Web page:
I’ve been running my current lab research project for about 4 years. I started off with a small group and was sharing Onenote 2007 from one computer to two others on our network. I tried a couple times to synch to different cloud services (tried Groove a LONG time ago), but it always seemed easier (and better) to run from a shared computer. I have a lot of links to files I want to open in other apps like (Prism (statistical software), Photoshop, excel,…) Making sure those links work on a shared computer was sometimes tricky, but making sure they work from the cloud was even more difficult. Not impossible, but difficult to the point that training people to do it was not worth the time.
Things have come along somewhat since I started. The linking is still not great (it would need to be embedded to really be ‘easy’, which I would love – they did that a little with the newer PowerPoint), but wow, after playing with it awhile I LOVE the new abilities and were I not graduating and moving on in a month, I would move everything to SkyDrive.
Linking is just as easy (if not easier… actually, now that I think about it, it IS easier) using Gladinet. Every shared computer can just map the SkyDrive folder containing the LabNotebook to a local drive and now when a link calls the the folder it is the same call on every computer, it works GREAT!
A couple huge drawbacks–
Migrating my current 1000+ pages notebook would be VERY difficult – fixing links, etc.. One reason it would be difficult is that to just copy the OneNote notebook to the SkyDrive doesn’t give you access to it via the Web app!? Strange, but I think this may be a side effect of the – we’re phasing out users ability to see/know file extensions. For once a file is in the cloud you can’t change its extension in the cloud (you can change it from your Gladinet mapped drive and synch it though). But still, it recognizes your copied OneNote section as a OneNote section, you just cannot open it in the webapp. To migrate you can make a new OneNote book, open it into your local OneNote application, and then copy sections over to your SkyDrive OneNote notebook.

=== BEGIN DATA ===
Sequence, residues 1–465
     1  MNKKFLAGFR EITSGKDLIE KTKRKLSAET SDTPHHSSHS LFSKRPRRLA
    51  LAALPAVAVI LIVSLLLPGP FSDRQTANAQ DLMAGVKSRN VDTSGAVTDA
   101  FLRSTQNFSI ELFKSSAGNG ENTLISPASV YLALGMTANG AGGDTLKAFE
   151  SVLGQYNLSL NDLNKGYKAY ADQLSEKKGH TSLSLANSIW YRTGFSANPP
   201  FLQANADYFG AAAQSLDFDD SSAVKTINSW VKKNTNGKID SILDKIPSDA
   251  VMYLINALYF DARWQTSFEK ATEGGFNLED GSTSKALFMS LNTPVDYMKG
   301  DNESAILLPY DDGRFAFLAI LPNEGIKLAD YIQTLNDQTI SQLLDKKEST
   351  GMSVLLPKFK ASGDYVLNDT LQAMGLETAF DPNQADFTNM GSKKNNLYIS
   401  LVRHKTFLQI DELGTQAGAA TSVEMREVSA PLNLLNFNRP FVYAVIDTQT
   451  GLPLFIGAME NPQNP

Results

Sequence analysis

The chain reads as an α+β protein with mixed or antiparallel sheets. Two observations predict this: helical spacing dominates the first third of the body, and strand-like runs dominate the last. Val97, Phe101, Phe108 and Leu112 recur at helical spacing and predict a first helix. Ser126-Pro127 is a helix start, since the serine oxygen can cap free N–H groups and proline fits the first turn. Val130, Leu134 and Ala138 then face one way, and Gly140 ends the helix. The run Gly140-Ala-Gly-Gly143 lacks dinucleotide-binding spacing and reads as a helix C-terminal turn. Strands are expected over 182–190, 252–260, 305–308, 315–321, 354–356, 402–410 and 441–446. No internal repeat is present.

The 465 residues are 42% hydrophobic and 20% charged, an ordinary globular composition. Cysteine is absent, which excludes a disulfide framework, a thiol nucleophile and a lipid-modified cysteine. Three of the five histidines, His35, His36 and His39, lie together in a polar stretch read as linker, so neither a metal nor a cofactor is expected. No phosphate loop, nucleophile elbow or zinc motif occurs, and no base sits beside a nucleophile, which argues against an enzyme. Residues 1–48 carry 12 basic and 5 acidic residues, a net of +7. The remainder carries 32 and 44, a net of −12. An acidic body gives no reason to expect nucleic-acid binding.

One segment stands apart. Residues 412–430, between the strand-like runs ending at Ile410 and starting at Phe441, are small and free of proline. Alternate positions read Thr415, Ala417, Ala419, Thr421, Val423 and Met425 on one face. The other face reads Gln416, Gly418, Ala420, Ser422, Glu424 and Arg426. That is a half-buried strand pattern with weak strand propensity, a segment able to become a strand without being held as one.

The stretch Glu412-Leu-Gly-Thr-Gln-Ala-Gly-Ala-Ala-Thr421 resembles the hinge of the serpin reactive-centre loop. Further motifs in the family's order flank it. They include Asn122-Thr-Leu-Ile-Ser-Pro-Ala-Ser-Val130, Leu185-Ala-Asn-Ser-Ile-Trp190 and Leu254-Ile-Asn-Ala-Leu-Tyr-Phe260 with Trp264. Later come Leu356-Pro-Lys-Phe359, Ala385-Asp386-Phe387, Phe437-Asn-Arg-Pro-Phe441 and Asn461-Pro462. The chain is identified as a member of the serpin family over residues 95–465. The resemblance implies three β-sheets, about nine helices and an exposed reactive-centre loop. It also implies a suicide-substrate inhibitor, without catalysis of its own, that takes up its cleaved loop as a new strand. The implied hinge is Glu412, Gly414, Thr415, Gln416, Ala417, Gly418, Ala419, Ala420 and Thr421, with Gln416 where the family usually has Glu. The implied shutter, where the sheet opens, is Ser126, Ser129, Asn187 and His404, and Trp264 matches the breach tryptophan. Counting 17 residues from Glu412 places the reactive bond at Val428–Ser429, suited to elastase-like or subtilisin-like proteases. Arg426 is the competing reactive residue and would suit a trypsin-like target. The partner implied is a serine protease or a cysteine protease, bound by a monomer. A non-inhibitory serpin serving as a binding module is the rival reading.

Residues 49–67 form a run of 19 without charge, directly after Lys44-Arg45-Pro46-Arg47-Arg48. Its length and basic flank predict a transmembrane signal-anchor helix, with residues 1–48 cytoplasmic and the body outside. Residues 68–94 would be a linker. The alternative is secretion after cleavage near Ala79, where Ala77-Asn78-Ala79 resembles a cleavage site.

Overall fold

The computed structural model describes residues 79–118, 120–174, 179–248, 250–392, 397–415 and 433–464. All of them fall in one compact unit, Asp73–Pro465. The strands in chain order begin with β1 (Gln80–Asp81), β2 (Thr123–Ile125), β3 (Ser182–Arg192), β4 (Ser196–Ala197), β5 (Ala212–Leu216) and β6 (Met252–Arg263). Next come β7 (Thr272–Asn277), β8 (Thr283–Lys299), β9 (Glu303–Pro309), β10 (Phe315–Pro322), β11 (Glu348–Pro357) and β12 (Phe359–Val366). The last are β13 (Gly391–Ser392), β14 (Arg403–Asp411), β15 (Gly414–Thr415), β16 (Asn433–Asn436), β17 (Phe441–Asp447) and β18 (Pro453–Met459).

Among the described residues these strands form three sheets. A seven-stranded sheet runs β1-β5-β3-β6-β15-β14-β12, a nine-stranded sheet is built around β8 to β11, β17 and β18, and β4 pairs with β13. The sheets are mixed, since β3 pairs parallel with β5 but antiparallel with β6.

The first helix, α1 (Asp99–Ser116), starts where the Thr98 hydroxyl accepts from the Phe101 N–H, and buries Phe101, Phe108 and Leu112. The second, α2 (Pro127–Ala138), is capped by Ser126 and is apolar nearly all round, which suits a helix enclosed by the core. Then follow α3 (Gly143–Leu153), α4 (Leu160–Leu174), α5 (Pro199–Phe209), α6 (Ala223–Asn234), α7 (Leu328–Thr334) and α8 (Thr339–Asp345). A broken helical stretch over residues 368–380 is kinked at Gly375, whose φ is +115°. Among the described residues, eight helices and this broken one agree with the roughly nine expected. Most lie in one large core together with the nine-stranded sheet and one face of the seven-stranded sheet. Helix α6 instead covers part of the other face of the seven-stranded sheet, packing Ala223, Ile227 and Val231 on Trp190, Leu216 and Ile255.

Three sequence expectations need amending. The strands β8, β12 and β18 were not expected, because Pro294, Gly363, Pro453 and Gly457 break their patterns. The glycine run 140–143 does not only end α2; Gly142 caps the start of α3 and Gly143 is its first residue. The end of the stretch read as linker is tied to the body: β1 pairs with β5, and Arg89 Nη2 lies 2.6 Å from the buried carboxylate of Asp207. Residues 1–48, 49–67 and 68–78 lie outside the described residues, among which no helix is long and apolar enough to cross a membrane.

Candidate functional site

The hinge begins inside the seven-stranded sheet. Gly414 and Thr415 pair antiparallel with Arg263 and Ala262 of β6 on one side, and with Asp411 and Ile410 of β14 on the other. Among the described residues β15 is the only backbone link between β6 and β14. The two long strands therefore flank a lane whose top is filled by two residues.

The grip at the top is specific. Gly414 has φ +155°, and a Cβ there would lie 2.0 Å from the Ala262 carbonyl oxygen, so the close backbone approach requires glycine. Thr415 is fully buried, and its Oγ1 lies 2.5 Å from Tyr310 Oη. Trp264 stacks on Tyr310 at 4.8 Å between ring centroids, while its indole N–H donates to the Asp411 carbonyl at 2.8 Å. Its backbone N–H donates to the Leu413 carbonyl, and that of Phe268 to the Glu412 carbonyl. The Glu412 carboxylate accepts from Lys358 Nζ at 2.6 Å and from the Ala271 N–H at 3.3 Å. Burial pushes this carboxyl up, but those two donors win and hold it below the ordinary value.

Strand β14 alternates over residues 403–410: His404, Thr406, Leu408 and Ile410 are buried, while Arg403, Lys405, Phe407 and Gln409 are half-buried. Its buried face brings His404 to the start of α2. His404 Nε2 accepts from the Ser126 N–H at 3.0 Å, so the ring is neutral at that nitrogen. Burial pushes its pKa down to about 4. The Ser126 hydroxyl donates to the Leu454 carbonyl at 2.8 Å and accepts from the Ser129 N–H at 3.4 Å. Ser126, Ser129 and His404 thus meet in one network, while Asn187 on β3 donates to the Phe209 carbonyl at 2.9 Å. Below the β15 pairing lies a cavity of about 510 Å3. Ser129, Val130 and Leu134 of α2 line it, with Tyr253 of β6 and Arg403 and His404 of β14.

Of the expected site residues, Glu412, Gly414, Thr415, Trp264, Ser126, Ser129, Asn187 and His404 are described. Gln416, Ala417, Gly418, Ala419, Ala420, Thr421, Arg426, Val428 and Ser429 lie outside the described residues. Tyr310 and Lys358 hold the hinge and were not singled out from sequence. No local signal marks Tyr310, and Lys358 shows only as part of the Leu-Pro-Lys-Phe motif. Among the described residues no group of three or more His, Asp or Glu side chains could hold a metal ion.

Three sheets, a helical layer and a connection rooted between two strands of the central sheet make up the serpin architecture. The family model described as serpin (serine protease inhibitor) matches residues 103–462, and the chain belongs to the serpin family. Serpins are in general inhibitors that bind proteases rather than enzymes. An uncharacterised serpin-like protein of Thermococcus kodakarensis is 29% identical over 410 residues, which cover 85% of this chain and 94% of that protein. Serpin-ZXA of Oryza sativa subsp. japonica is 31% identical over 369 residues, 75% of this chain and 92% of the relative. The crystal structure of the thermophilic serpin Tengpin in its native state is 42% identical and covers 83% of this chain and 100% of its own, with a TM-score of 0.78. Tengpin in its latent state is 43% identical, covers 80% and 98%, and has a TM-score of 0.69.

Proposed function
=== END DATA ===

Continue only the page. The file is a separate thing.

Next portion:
SEARCH!..in the web app. For the love of… This is the whole reason I have an electronic lab notebook! To be able to find stuff quick (also to make collaborations easier,..blah, blah). Anyway, I know the idea is probably to give people some reason to actually buy Office, since the web apps are pretty functional. But come on, I own it and search is huge. Granted, I can always press the little ‘open in OneNote’ button on the webpage and then search in OneNote.
Anyway – there are positives as well – even above and beyond the normal ELN positives I’ve always listed.
THE WEB APP!! It could be better, but give me a break, this is huge. I can show ANYONE my ELN, from anywhere with this. It’s not some nebulous idea that people say to ‘hey, that does sound like a good idea’. I can show them, they can edit, some collaborators in France recently saw it and replied ‘you mean, I can just look up what you did, how much drug you delivered on each experiment, whenever I want?’ I said ‘NO, I mean you can look that up and do your experiment, record it in here as well, and we can (almost) real time see how these experiments are working’! J **much easier to convert the technophobe or reluctant user
…the web app’s ‘Show Author’ The show author option showed up (in a useful manner) in the upgrade from OneNote 2007 to 2010. But still it would require a logout/login for each individual user so it turned into more of a ‘which computer was used to input this info’ (which is still useful). But more useful is the fact that, a student or lab tech can just log on to their individual account, access the web app and any input has their actual name (see leading picture). Still the way I would use it (for the most simplicity) I would probably use Gladinet and the local OneNote program so it will still be recording just the computer (since there’s no way we’re getting people to login and logout all the time). Show’s some potential though!
…I’m tempted to migrate everything anyway J, just so I can show off our work direct from the webapp, then open a PowerPoint presentation direct from the actual notebook, then go into our normal presentation of the work. But then some people get offended by my over the top geekery. I try to keep them focused on the actual research work when I’m presenting L